Natural Language Processing and Information Retrieval
Due to the explosive growth of digital information in recent years, modern Natural Language Processing (NLP) and Information Retrieval (IR) systems such as search engines have become more and more important in almost everyone's work and life (e.g. see the phenomenal rise of Google). NLP & IR research and development are one of the hottest research areas in academia as well as industry. This module will convey the basic principles of modern NLP & IR systems to students.
The aim of this module is to introduce modern NLP & IR concepts and techniques, from basic text indexing to advanced text analysis. Both theoretical and practical aspects of NLP & IR systems will be presented and the most recent issues in the field of NLP & IR will be discussed. This will give students an insight into how modern search engines work and are developed.
- Boolean Retrieval
- The Term Vocabulary and Postings Lists
- Regular Expressions and Text Normalization
- Dictionaries and Tolerant Retrieval
- Edit Distance
- Index Compression
- Scoring, Term Weighting and the Vector Space Model
- Evaluation in Information Retrieval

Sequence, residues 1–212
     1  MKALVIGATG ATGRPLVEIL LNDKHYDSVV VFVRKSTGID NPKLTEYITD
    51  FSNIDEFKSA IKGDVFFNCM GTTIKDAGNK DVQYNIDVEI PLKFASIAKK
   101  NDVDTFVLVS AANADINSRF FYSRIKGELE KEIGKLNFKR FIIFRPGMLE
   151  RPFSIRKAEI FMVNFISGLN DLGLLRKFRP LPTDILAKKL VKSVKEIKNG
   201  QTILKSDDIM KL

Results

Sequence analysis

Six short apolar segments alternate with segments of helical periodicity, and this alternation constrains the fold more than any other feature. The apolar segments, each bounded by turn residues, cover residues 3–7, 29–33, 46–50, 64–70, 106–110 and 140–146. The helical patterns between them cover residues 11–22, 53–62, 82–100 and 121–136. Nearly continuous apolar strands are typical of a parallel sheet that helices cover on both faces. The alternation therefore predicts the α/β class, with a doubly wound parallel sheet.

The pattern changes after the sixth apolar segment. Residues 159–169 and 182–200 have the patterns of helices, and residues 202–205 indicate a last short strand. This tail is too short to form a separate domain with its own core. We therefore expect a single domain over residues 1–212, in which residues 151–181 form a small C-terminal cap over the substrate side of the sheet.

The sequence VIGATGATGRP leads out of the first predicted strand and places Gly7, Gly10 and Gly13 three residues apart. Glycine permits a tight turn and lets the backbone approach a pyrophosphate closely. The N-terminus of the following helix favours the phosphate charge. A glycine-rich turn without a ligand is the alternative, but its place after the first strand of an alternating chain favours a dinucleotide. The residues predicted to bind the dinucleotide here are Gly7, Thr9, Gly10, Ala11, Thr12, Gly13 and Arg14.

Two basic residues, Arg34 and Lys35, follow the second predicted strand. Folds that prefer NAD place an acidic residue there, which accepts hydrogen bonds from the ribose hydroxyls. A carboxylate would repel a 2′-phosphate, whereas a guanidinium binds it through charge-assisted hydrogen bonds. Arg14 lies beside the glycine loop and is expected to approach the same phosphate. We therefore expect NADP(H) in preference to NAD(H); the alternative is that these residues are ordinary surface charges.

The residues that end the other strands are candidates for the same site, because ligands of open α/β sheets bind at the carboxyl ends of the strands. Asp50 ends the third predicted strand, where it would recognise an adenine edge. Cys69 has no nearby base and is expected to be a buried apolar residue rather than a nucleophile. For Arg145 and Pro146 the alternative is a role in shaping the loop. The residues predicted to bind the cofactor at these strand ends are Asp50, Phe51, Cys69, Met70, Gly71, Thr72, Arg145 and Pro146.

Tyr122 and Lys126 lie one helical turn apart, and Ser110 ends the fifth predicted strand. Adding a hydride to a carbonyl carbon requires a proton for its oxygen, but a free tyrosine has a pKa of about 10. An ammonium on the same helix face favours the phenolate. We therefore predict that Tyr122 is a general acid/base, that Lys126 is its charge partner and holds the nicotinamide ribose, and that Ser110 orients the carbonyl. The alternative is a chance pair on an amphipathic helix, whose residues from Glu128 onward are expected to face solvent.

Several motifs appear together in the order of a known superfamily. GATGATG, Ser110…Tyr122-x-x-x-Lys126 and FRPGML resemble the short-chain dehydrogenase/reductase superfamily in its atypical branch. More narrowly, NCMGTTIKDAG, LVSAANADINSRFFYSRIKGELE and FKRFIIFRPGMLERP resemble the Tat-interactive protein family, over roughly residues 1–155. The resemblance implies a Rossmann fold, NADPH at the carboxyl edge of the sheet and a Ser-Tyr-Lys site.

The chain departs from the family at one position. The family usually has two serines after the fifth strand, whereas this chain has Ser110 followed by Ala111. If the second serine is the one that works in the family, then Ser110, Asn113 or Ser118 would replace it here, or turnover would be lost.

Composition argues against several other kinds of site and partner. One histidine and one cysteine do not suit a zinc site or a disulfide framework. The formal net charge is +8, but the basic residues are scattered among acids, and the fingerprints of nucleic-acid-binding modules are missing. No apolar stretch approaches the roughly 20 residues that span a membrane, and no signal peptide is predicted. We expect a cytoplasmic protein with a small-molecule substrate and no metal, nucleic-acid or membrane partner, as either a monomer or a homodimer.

- Probabilistic Information Retrieval
- Language Models for Information Retrieval
- Language Modeling with N-Grams
- Spelling Correction and the Noisy Channel
- Text Classification, Naive Bayes, and Sentiment Analysis
- Vector Space Classification
- Logistic Regression
- Matrix Decompositions and Latent Semantic Indexing
- Vector Semantics
- Neural Nets and Neural Language Models
- Sequence Processing with Recurrent Networks
Timetables, locations and term dates
Programme specific timetables are listed in the handbooks available for each programme. Please consult the relevant programme page.
- Term dates and holiday closing
- Timetable listing modules by term and day of the week
- Timetable and venue information for the week ahead
Enrolled students can find their personal teaching timetable and the location of classes on their My Birkbeck profile.
The coursework includes two assignments.
Coursework (20%). Examination (80%).
- Christopher D. Manning, Prabhakar Raghavan and Hinrich Schutze, Introduction to Information Retrieval, Cambridge University Press, 2008.
- Dan Jurafsky and James H. Martin, Speech and Language Processing, 3rd ed draft.